Energy

The Chinese energy order foreshadows a more severe gas shortage in Europe.

The natural gas crunch hitting the UK and Europe is likely to intensify after China ordered state-backed companies to secure energy supplies no matter the cost.

Chinese state media quoted Premier Li Keqiang on Thursday as saying the country will secure its energy and power supplies following a series of blackouts and shortages that have forced a large number of companies to restrict output.

Bloomberg reported later in the day that central government officials had ordered state-owned energy companies to secure supplies for this winter at all costs, saying the instruction had come directly from Han Zheng, the vice-premier who oversees the country’s energy sector and industry.

The move by China suggests that other parts of the world will face an even tougher time securing the fuel they need.

Natural gas prices in the UK and continental Europe have hit a series of record highs in recent weeks on the prospect of a shortage of supplies this winter, with Asia’s growing demand for the fuel one of the key factors.

Prices for liquefied natural gas (LNG) cargoes, the main source of competition between Europe and Asia for gas flows, hit a record high on Thursday in Asia of $34.47 per million British Thermal Units as buyers scrambled to secure shipments, with China experiencing widespread power generation problems due to a shortage of coal.

The dramatic surge in the LNG price this year has pushed up UK and European gas prices as the continent tries to attract supplies, but so far buyers in Asia have been prepared to keep paying a premium to lock in cargoes. That has raised the spectre of a bidding war between the two regions, which would boost prices even further.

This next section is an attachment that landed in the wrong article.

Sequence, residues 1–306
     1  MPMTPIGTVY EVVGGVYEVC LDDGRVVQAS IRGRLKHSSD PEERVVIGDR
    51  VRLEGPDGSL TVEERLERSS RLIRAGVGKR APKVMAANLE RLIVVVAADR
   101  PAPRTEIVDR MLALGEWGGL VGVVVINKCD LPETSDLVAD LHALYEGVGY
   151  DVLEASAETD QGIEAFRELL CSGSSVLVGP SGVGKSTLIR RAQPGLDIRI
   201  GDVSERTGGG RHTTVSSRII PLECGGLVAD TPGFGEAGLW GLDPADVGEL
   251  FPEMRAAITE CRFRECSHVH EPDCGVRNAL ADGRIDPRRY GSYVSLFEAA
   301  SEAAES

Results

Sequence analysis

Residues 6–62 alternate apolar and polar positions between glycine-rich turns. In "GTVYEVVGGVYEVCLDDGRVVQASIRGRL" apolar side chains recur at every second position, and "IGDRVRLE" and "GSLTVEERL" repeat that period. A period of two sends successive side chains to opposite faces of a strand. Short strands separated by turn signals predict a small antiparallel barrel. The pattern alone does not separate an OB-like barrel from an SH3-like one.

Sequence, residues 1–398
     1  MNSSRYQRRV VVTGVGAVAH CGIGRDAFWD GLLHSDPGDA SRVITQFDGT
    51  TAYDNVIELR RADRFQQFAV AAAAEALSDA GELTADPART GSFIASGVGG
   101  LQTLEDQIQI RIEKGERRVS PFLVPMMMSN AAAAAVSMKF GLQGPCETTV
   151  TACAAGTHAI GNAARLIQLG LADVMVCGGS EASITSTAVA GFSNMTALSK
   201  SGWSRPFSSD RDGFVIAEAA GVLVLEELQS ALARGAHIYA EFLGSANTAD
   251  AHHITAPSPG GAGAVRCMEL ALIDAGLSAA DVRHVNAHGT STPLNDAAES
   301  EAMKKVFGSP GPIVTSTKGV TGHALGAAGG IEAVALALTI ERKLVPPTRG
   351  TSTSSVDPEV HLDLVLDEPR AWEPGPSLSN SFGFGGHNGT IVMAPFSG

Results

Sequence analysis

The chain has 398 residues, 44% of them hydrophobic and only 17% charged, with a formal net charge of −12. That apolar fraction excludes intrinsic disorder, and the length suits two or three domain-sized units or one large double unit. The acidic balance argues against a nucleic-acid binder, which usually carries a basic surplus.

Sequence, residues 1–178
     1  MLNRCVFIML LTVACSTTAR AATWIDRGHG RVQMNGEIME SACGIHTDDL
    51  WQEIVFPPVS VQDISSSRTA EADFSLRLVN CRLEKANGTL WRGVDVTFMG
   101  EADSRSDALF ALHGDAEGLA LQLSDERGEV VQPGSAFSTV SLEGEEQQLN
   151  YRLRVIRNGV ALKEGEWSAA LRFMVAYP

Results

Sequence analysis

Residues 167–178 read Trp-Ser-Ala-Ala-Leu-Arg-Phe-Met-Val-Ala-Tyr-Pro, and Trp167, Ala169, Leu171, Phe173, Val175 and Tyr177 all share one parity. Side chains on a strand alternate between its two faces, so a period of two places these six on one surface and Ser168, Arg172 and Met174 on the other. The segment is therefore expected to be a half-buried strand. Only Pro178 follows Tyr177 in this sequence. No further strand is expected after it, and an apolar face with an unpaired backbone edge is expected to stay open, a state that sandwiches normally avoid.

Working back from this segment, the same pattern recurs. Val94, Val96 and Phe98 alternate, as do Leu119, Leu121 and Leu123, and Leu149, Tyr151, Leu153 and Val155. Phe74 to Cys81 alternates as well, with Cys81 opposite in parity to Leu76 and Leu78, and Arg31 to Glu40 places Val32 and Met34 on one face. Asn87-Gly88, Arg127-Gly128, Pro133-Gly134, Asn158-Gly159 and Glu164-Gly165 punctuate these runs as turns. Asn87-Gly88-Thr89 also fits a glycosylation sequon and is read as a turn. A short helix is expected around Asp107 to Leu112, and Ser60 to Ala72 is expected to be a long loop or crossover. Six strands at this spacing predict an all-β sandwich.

“It turns out demand for gas is not very sensitive to even extremely high prices — in both markets,” said Laurent Ruseckas at IHS Markit, a consultancy.

Natural gas prices in Europe hit another record on Thursday, with the benchmark contract reaching €97.50 per megawatt hour, before easing slightly. In the UK, the day-ahead price jumped more than 25 per cent to an all-time high of £2.30 per therm. It had traded near 40p a therm in February.

The challenges to Europe’s gas market have been brewing for some time. A prolonged winter drained storage, then the lack of LNG cargoes this summer has meant stocks have not rebuilt to the level the market would like. Lower pipeline supplies from Russia and a sharp drop in domestic output have heightened fears for the winter.

China is facing its own energy crunch because of shortages of coal for power generation, leading it to boost purchases of natural gas at an even faster rate than traders in Europe had been anticipating.

The resulting surge in gas prices around most of the world has fed through into higher electricity costs and pushed rising energy costs to the top of the political agenda, with fears that a cold winter could squeeze supplies to the point where some energy-intensive industries need to restrict production.

Record gas prices have led to the collapse of 10 retail energy suppliers in the UK and led to the government having to intervene to support a fertiliser company that was one of the country’s main sources of CO2, which is essential for food packaging, medical treatment, and nuclear power stations.

China has struggled to boost domestic coal supply to meet increased demand for electricity as its economy revved up after the pandemic because of tough new safety measures introduced after a series of deadly accidents.

In China’s domestic spot market, coal was changing hands at Rmb1,700, or $263 a tonne on Thursday, according to Argus Media, a price reporting agency. European prices, meanwhile, have risen more than $200 a tonne — a level last seen in 2008.

China’s power demand has increased by almost 15 per cent this year, according to Morgan Stanley but its domestic coal supply is up just 5 per cent year-to-date. Coal is still by far the largest source of electricity generation in China.

“Chinese gas purchases are picking up to try and ensure an alternative to coal for heating is available,” said Colin Hamilton, an analyst at BMO Capital Markets.

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